Floyd trial strives to find jurors who can put aside their opinions on death
When questioned by defense attorney for Derek Chauvin, future juror 39 said footage of the death of George Floyd, for which the former Minneapolis cop is on trial, reminded him of “a scene of war.”
In the video, which sparked unprecedented global protests last year, the police, who are seen holding Floyd face down as he cried out for his mother, behaved “like an occupying force,” a he added.
“You have very strong opinions,” said the lawyer representing Chauvin, who pleaded not guilty to murder and manslaughter. “Can you basically get rid of that?” A blank slate?
The candidate juror insisted he could – “If I couldn’t imagine saying ‘not guilty’ I wouldn’t be here” – but was ultimately barred from serving on the jury.
This scene underscored one of the many challenges of the high-profile trial, which kicked off this week in Minneapolis with the delicate jury selection process. Lawyers interviewed dozens of prospects to find a panel of 12 jurors and four deputies who could put aside their opinions on Floyd’s on-camera murder and the protests that followed – and pledge to make an impartial decision in a case that shook the world.
Jury selection is expected to take several weeks, longer than a typical criminal trial, but this is hardly unusual for a case that received global media coverage and left an indelible mark on the upper Midwestern city where it is. judged. Potential jury members, whose names were withheld, were asked to complete an unusually long 14-page questionnaire covering their attitudes towards the police and the Black Lives Matter movement.
They were then summoned for further grilling at the downtown Minneapolis courthouse – located just three miles north of 38th and Chicago Avenue, an area now known as George Floyd Square – which had been barricaded with fences topped with accordion wire.
The trial, which is expected to begin in earnest with opening statements later this month, is seen as a broader referendum on whether officers can be held responsible for misconduct – especially when the victim is black, like Floyd was.
Police officers are rarely charged with murder or manslaughter when they kill someone on duty, making the Chauvin case the most high-profile police trial in years. While officers are involved in the murder of around 1,000 people a year, a database maintained by a professor at Bowling Green State University shows that only 200 were charged with murder or manslaughter between 2005 and 2015.
Floyd’s murder sparked civil unrest, with widespread peaceful protests accompanied by some looting and arson in Minneapolis and other American cities. Protesters marched through the streets throughout the summer of 2020 to demand an end to racial injustice.
Despite public protests of outrage over the number of deaths in custody, civil rights activists have been disappointed by the frequent lack of serious legal consequences, as when only one of three Kentucky police officers involved in the fatal shooting of Breonna Taylor, a black woman, has been charged with a felony.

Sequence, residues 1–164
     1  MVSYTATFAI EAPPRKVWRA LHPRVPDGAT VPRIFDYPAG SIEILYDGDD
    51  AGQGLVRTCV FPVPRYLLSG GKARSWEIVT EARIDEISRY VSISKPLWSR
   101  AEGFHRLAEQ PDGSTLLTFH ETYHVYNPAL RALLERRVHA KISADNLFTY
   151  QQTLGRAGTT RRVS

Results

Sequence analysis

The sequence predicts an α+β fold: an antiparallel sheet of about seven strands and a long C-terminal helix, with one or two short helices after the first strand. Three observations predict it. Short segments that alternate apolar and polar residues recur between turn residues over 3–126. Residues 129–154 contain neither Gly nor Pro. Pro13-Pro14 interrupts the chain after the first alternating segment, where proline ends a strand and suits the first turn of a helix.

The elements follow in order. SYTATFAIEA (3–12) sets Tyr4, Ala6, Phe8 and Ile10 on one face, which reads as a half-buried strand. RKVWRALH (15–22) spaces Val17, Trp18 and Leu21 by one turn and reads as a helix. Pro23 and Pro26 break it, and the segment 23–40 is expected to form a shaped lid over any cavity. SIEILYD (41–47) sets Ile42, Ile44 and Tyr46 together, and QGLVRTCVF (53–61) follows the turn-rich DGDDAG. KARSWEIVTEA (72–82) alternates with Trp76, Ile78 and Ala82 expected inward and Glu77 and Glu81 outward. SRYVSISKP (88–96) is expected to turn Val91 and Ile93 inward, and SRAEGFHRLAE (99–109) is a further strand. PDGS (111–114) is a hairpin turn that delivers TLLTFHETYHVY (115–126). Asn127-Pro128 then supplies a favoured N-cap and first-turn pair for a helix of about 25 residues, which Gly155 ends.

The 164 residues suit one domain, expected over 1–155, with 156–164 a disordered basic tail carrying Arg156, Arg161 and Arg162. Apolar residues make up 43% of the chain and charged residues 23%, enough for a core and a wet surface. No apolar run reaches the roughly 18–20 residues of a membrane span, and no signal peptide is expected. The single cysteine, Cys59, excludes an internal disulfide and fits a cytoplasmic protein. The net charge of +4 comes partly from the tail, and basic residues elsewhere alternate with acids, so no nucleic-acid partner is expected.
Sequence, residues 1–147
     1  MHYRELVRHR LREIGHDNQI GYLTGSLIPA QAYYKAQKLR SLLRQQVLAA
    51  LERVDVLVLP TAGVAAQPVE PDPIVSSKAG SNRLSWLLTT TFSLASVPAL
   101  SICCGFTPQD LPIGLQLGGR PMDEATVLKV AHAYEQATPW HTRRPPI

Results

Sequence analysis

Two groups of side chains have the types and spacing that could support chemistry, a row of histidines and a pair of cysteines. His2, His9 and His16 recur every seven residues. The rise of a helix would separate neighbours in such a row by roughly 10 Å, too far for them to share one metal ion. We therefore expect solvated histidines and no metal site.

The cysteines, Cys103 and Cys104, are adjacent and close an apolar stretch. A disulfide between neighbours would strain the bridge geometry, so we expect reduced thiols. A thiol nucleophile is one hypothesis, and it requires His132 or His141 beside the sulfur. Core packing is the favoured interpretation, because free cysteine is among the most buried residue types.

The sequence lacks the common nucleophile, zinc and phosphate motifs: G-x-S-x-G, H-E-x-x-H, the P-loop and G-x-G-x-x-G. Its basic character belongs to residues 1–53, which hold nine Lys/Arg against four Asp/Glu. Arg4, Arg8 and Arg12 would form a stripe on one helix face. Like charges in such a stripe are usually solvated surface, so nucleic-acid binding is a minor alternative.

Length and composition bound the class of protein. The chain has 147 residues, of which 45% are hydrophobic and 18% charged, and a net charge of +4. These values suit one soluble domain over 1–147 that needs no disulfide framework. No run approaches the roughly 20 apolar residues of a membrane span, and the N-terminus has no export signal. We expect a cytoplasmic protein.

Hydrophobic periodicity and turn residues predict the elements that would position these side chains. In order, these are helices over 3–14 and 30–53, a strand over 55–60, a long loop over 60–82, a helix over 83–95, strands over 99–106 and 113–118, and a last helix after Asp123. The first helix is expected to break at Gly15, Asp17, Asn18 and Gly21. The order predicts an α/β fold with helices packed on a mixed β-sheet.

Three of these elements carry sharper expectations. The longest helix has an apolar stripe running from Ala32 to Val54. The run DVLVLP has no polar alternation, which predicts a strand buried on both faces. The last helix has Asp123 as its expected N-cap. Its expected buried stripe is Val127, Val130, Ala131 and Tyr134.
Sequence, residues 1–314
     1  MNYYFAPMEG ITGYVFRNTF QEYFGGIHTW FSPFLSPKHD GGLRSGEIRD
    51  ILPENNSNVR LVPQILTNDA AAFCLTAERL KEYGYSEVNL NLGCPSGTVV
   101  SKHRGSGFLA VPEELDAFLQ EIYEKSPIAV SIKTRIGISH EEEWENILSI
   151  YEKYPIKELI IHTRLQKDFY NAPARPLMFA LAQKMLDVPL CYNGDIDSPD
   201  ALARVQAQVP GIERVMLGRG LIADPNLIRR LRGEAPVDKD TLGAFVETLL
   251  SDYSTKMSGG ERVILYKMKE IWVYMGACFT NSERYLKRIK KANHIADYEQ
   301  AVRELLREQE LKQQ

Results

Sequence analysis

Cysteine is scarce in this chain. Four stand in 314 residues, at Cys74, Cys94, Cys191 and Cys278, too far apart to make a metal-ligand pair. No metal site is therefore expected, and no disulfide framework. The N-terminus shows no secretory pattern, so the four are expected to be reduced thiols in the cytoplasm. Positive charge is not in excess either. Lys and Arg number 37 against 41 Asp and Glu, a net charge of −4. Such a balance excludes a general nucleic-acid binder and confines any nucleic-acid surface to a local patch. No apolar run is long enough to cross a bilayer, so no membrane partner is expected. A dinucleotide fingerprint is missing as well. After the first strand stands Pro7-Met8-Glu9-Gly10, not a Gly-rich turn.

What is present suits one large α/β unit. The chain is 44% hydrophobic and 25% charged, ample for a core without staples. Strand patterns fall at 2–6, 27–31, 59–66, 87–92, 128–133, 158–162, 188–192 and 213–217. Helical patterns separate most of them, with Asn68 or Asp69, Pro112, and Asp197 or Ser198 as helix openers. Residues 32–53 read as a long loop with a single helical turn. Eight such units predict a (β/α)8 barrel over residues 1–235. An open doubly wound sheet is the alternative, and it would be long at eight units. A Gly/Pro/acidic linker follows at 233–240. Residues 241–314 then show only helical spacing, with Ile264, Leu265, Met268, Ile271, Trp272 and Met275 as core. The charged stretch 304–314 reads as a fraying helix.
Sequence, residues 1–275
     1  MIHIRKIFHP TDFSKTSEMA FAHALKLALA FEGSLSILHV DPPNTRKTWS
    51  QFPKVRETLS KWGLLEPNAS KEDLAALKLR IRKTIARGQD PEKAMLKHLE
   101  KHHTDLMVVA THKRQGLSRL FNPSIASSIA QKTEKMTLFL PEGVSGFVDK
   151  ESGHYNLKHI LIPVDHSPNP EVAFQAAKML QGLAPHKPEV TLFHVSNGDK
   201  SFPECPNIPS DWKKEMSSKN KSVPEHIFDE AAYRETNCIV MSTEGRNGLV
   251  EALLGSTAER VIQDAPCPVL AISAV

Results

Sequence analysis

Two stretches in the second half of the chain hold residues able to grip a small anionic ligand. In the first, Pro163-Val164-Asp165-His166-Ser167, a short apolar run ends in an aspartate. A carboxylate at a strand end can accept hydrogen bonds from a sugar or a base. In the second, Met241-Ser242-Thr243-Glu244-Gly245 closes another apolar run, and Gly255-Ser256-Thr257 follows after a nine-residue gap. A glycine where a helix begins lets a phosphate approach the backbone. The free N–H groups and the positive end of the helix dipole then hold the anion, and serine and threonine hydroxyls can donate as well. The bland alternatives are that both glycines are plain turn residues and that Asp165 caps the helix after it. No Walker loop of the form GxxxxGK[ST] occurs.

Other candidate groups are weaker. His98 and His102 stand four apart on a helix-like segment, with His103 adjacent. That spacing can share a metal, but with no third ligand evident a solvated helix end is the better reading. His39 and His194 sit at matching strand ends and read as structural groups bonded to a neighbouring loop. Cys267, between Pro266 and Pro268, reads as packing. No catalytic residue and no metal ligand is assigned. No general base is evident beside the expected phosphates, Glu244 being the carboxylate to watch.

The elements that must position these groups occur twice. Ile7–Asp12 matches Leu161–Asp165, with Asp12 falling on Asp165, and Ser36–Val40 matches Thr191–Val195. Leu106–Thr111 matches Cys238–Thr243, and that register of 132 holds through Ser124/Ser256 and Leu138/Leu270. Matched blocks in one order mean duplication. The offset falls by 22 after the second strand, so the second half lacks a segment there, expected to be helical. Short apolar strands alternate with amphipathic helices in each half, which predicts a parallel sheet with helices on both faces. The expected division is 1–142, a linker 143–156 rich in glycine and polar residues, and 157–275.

Keith Ellison, the Minnesota attorney general, who has led the lawsuits against Chauvin, warned that it would be difficult to secure a conviction, despite footage this summer showing Chauvin kneeling on Floyd’s neck for nearly nine minutes after a Calling 911 told police that Floyd had used a counterfeit $ 20 bill at a convenience store.
Chauvin has pleaded not guilty to the charges against him, which include second and third degree murder and manslaughter.
Whether what Chauvin did was a crime will be at the heart of what jurors are called upon to decide. A recent poll from USA Today / IPSOS showed a clear division between black and white Americans when answering this question.
According to this poll, 64% of black Americans considered Floyd’s death murder, compared to only 28% of whites. More white than black respondents described Chauvin’s actions as negligence, but a majority of those familiar with the case said they hoped for a conviction.
Among the jurors selected so far for the Chauvin case, one is black, one Latino, one multiracial and three are white.
All jurors will be residents of Hennepin County, where Minneapolis is located, which has a population of 1.2 million according to census data. Of this total, 74 percent identify as white, while about 14 percent identify as black.
Compared to the protests that rocked cities across the country this summer, the protests and protests during the jury selection have so far been relatively low-key. City officials are bracing for that to change as the process draws closer to a verdict.
The city also announced on Friday that it had settled a civil lawsuit brought in by the Floyd family for $ 27 million, one of the highest such settlements on record.
Activists gathered in Minneapolis earlier this week, ahead of jury selection, as protesters carried signs showing Floyd’s face, Black Lives Matter and a banner across the street saying, “Justice 4 George Floyd, the the whole world is watching ”.
“I am fighting here for justice,” DJ Hooker, activist from Minneapolis said to the crowd. “It’s not just our duty to fight, it’s our duty to win, and that’s what we’re going to do. We will stay here. We will stay in the streets. We have to keep our boots on the ground.